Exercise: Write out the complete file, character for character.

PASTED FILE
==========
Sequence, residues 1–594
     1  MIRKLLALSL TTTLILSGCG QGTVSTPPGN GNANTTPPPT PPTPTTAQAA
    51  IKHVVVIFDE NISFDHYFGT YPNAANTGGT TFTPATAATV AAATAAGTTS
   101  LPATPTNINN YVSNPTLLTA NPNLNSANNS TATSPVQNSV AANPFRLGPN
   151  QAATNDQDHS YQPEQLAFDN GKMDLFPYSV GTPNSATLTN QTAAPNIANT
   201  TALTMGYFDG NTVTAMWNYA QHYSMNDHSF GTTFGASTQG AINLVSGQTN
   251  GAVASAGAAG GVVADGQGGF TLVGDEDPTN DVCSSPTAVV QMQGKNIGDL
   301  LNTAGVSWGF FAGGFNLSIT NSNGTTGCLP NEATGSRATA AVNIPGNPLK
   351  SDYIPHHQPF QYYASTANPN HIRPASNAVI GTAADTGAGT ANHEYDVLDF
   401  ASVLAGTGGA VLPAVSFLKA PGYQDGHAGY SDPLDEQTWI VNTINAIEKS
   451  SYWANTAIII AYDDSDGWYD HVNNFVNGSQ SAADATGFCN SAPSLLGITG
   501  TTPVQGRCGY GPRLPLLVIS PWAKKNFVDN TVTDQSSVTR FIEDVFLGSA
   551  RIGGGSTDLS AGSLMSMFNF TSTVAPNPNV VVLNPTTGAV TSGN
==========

Sequence, residues 1–594
     1  MIRKLLALSL TTTLILSGCG QGTVSTPPGN GNANTTPPPT PPTPTTAQAA
    51  IKHVVVIFDE NISFDHYFGT YPNAANTGGT TFTPATAATV AAATAAGTTS
   101  LPATPTNINN YVSNPTLLTA NPNLNSANNS TATSPVQNSV AANPFRLGPN
   151  QAATNDQDHS YQPEQLAFDN GKMDLFPYSV GTPNSATLTN QTAAPNIANT
   201  TALTMGYFDG NTVTAMWNYA QHYSMNDHSF GTTFGASTQG AINLVSGQTN
   251  GAVASAGAAG GVVADGQGGF TLVGDEDPTN DVCSSPTAVV QMQGKNIGDL
   301  LNTAGVSWGF FAGGFNLSIT NSNGTTGCLP NEATGSRATA AVNIPGNPLK
   351  SDYIPHHQPF QYYASTANPN HIRPASNAVI GTAADTGAGT ANHEYDVLDF
   401  ASVLAGTGGA VLPAVSFLKA PGYQDGHAGY SDPLDEQTWI VNTINAIEKS
   451  SYWANTAIII AYDDSDGWYD HVNNFVNGSQ SAADATGFCN SAPSLLGITG
   501  TTPVQGRCGY GPRLPLLVIS PWAKKNFVDN TVTDQSSVTR FIEDVFLGSA
   551  RIGGGSTDLS AGSLMSMFNF TSTVAPNPNV VVLNPTTGAV TSGN